Genre: Women's Fiction
Summary (from Goodreads): Curtis Sittenfeld, New York Times bestselling author of American Wife and Prep, returns with a mesmerizing novel of family and identity, loyalty and deception, and the delicate line between truth and belief.
From an early age, Kate and her identical twin sister, Violet, knew that they were unlike everyone else. Kate and Vi were born with peculiar “senses”—innate psychic abilities concerning future events and other people’s secrets. Though Vi embraced her visions, Kate did her best to hide them.
Now, years later, their different paths have led them both back to their hometown of St. Louis. Vi has pursued an eccentric career as a psychic medium, while Kate, a devoted wife and mother, has settled down in the suburbs to raise her two young children. But when a minor earthquake hits in the middle of the night, the normal life Kate has always wished for begins to shift. After Vi goes on television to share a premonition that another, more devastating earthquake will soon hit the St. Louis area, Kate is mortified. Equally troubling, however, is her fear that Vi may be right. As the date of the predicted earthquake quickly approaches, Kate is forced to reconcile her fraught relationship with her sister and to face truths about herself she’s long tried to deny.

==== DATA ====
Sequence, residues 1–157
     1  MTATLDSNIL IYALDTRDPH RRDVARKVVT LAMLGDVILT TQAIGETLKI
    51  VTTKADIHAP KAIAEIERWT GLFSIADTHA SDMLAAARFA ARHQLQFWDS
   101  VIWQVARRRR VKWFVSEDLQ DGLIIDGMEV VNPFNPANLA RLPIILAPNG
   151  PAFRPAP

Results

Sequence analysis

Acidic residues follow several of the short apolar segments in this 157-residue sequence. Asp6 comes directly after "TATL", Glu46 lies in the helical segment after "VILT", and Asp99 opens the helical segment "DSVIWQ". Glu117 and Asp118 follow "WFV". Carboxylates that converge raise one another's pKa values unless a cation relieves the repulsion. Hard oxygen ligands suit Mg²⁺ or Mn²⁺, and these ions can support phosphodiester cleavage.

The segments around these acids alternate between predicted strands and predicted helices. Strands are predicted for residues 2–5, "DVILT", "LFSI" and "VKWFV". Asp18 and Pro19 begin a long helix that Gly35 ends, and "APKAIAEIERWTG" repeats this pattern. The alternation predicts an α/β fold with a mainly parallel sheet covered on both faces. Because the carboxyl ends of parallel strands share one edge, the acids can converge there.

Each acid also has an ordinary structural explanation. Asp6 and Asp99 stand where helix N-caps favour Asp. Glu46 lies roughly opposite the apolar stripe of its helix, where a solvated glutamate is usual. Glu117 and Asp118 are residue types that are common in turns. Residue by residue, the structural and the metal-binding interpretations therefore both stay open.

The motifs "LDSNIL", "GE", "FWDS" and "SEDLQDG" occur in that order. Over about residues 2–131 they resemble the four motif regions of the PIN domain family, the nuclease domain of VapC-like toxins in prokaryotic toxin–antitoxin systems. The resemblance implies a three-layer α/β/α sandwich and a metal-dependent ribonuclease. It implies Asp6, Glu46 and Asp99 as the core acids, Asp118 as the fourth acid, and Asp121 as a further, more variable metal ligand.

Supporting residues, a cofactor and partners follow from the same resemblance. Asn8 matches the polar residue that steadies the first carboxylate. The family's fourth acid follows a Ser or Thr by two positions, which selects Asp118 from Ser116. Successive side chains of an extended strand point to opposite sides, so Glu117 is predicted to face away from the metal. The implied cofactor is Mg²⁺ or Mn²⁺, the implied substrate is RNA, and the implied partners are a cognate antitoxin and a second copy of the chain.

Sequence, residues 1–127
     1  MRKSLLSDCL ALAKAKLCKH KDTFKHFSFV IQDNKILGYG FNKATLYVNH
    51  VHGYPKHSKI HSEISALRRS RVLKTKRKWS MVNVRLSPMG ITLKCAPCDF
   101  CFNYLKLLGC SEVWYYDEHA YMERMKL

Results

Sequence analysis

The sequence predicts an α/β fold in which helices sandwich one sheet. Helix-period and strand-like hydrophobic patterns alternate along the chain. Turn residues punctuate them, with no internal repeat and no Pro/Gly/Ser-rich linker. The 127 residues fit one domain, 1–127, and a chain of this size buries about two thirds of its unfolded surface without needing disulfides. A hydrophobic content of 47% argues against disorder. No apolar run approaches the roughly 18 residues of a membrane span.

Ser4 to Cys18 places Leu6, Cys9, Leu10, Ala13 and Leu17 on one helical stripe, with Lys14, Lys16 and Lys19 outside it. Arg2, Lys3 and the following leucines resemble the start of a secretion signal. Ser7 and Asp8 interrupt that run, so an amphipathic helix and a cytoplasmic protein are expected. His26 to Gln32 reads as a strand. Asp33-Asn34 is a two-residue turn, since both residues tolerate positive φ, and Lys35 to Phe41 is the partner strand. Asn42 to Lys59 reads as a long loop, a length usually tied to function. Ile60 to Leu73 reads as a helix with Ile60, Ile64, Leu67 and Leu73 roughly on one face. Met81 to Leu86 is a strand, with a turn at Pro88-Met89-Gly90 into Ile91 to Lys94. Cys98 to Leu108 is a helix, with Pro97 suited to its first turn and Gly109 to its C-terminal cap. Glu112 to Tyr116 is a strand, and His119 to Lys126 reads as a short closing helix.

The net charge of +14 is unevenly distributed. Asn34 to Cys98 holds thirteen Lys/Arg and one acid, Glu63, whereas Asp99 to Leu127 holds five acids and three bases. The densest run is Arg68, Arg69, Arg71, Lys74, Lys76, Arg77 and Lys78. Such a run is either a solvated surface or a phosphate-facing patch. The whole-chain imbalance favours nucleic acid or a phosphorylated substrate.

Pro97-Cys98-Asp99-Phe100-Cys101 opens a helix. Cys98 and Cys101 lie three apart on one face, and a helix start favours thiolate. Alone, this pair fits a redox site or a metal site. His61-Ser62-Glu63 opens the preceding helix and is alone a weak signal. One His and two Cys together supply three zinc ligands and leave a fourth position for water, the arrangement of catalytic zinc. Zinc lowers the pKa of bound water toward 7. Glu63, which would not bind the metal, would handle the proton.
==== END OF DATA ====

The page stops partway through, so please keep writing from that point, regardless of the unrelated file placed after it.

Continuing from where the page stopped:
Funny, haunting, and thought-provoking, Sisterland is a beautifully written novel of the obligation we have toward others, and the responsibility we take for ourselves. With her deep empathy, keen wisdom, and unerring talent for finding the extraordinary moments in our everyday lives, Curtis Sittenfeld is one of the most exceptional voices in literary fiction today.
Review: I quite liked this book about two very different sisters and the relationships they have with the people around them.
The summary was a little misleading, making the reader think it's going to be primarily about an earthquake and a psychic, when really it is Kate's relationship with her family and her desire to suppress her psychic abilities. Parts got a little tedious - the author provides a lot of details around Kate going about her every day life and since she's a stay-at-home mom, I found I didn't really need to be reminded of all those details while I was reading to try to escape them. The book is set in St. Louis, which was interesting to me, but the author name dropped a lot of streets, parks, shops, restaurants, etc, and it got to be a little much. Yes, it's set in St. Louis, thanks for reminding us about that AGAIN. And if Kate and Vi are identical twins, why do the girls on the cover have different color eyes? Pay attention, cover designers!
I was also perturbed by the change in the book about 90% through; the author threw in a twist that I did not see coming, and that I didn't think really fit the characters. It completely changed the focus of the book in a not-positive way.
Hmmm, so my review is pretty negative, but while I was reading it, I enjoyed it and didn't want to put it down.
Rating: 4 stars (maybe 3.5 stars, after writing the review)